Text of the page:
MLB Franchise Notes: Cards' DeWitt Says "Fiscal Limitations" Prevented Pujols Signing
Cardinals Chair Bill DeWitt Jr. said yesterday that his inability to retain free agent 1B Albert Pujols "had nothing to do with a lack of organizational commitment but much to do with recognizing fiscal limitations." DeWitt said, "This is a very knowledgeable baseball market. I think they realize you can only do so much for a given player and compete year in and year out. It's not, 'Is he worth 'x' or 'x' times two?' It's how much can I afford to pay one player and put together a team that's going to be competitive? That's the whole jigsaw puzzle that all teams have. Some have more capacity." He added, "In no way was there a lack of commitment on our part." In St. Louis, Joe Strauss notes DeWitt's appearance yesterday at the Cardinals Care Winter Warm-Up was "something of a surprise" since Cardinals Senior VP & GM John Mozeliak and team President Bill DeWitt III were scheduled to appear. DeWitt Jr. "took media questions for about 20 minutes and made an appearance before fans gathered" (ST. LOUIS POST-DISPATCH, 1/16). Mozeliak on Saturday said that the team's "payroll is assured to be more than $110 million despite Pujols' absence" (ST. LOUIS POST-DISPATCH, 1/15).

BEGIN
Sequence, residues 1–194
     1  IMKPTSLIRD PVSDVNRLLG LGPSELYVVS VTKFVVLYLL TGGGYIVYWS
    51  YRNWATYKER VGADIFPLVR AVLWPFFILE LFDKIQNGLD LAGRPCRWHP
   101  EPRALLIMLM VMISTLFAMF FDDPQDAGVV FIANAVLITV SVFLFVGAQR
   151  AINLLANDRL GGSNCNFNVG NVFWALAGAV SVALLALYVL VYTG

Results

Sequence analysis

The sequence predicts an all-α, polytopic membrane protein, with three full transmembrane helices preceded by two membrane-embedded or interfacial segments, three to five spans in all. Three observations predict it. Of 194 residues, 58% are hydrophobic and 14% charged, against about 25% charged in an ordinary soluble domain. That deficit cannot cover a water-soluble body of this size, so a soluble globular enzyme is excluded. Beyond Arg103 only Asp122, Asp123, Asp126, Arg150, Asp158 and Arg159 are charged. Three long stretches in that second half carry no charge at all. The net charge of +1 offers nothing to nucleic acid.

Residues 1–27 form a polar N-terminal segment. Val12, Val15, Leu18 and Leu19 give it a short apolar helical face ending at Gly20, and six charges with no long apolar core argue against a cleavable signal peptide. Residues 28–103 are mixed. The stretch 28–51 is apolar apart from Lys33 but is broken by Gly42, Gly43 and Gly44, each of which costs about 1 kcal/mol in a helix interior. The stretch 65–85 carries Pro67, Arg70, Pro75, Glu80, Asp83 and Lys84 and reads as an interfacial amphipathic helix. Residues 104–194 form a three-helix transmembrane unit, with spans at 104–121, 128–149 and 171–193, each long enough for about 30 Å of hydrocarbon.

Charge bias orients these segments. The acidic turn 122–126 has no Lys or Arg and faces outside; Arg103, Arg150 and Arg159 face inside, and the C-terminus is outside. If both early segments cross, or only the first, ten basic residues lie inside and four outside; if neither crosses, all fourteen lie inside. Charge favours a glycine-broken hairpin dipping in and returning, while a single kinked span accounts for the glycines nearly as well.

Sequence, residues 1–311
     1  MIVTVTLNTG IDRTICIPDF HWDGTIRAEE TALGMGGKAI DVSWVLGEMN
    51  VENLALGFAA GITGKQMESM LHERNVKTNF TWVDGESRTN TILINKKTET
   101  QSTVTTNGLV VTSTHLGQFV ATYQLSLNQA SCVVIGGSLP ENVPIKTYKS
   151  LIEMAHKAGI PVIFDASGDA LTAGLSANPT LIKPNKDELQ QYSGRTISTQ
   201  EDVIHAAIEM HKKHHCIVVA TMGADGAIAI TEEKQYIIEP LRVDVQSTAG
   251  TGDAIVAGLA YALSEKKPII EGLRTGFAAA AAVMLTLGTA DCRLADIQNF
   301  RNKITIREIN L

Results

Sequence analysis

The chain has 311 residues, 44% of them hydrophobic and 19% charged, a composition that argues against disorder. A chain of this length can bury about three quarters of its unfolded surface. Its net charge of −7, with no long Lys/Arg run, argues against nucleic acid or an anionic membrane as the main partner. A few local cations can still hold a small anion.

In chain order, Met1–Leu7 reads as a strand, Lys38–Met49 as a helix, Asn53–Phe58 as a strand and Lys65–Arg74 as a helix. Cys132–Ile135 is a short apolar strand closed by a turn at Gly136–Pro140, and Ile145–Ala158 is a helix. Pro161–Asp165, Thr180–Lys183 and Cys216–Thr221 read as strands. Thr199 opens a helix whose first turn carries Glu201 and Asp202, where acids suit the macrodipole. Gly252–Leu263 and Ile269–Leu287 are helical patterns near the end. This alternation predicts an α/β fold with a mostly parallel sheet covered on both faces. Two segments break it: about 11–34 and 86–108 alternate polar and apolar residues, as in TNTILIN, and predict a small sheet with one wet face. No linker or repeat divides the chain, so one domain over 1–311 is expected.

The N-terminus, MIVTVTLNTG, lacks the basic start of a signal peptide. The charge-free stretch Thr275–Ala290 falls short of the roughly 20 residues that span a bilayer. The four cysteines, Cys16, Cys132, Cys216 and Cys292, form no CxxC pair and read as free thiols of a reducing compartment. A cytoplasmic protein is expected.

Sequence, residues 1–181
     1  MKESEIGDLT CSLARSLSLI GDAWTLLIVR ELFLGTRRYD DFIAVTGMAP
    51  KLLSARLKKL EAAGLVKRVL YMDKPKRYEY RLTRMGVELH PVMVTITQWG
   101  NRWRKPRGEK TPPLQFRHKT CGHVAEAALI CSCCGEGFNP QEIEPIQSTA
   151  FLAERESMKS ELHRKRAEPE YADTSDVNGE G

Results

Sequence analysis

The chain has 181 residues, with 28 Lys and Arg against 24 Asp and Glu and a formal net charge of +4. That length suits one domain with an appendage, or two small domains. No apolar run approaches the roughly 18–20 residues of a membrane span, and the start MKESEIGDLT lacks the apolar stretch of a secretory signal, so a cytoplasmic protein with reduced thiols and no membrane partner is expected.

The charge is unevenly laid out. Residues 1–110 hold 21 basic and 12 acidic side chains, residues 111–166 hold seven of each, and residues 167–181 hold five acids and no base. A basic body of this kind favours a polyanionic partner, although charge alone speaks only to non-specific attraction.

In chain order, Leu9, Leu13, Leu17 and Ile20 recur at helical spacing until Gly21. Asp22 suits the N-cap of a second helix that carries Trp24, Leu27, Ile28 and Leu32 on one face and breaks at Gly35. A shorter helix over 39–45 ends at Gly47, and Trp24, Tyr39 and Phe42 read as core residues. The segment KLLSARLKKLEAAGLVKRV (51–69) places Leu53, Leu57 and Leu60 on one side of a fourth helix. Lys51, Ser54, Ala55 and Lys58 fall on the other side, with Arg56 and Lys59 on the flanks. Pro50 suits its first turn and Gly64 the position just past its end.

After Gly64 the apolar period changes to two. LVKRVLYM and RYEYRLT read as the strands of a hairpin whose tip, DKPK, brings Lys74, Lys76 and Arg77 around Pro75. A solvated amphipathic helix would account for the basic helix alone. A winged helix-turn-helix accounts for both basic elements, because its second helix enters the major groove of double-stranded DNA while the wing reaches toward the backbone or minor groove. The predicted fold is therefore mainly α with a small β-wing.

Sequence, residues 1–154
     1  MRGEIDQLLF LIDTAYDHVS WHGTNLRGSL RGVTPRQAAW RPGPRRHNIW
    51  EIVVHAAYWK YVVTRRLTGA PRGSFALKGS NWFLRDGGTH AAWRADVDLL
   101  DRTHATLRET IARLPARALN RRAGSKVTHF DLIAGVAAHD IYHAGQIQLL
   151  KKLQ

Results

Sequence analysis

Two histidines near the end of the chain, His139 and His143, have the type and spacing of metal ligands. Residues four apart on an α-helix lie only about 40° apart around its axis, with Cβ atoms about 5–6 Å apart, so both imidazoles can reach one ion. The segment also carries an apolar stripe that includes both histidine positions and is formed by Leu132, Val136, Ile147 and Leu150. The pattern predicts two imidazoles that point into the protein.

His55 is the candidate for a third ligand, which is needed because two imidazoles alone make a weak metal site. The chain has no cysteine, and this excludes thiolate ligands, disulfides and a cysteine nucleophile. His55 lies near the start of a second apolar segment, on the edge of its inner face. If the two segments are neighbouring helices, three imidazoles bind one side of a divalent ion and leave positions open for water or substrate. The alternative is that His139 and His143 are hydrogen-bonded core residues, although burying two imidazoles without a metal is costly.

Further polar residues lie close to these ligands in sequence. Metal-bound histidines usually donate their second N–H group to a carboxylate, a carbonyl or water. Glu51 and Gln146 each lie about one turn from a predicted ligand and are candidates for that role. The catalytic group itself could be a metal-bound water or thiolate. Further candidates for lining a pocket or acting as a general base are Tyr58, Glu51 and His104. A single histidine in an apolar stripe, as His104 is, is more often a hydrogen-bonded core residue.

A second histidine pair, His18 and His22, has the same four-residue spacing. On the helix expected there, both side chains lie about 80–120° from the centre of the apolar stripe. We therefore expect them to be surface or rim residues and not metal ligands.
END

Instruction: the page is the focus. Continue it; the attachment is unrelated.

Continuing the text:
REPRESENTING IN DC: In DC, Thomas Boswell noted if the Nationals sign free agent 1B Prince Fielder but "don't extend the contract of Ryan Zimmerman ... then by opening day 2014 almost the entire Washington starting lineup -- seven players -- might be clients of agent Scott Boras." If Fielder "arrives in DC, crowds and TV ratings may skyrocket." That could "change the financial picture and smooth a new five-year deal that's due this year with MASN that might double the current $28 million local-TV rate" (WASHINGTON POST, 1/14).
OPERATION OWNERSHIP: YAHOO SPORTS' Jeff Passan wrote no team "generates ill feelings today quite like the Orioles." Since buying the Orioles in '93, Peter Angelos "has shuffled through as many baseball-operations bosses as Liz Taylor did marriages." Eight men "have run the Orioles in the last 18 years." It is an "embarrassing number, and Angelos is one of the few owners whose mere presences revolts a fan base." Passan: "Unless the 82-year-old Angelos somehow can reinvigorate the magic from his early days of ownership, the Orioles are destined to mediocrity or, as has been the case for years now, even worse" (SPORTS.YAHOO.com, 1/12).
LOOKING UP: In L.A., Jill Painter noted the Dodgers' "impending television rights deal is an unbelievable caveat for the new owner, but so is the opportunity to win over fans and restore the Dodgers' rightful place as one of the premier sports franchises." Many of the players vying for the team are "building campaigns on rebuilding the once-proud organization." They are "all local, so it's an investment that bleeds more than just dollar signs." If the new owner "steers the Dodgers back on track, he'll have the keys to the city." Painter: "Whoever buys the team has nowhere to go but up" (L.A. DAILY NEWS, 1/14).